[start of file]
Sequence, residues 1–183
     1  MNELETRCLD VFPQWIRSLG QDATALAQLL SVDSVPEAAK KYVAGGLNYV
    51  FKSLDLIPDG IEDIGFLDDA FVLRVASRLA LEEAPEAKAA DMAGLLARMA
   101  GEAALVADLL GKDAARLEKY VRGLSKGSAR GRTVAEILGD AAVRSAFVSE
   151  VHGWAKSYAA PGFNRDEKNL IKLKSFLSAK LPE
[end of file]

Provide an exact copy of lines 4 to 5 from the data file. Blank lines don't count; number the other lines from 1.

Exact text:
   101  GEAALVADLL GKDAARLEKY VRGLSKGSAR GRTVAEILGD AAVRSAFVSE
   151  VHGWAKSYAA PGFNRDEKNL IKLKSFLSAK LPE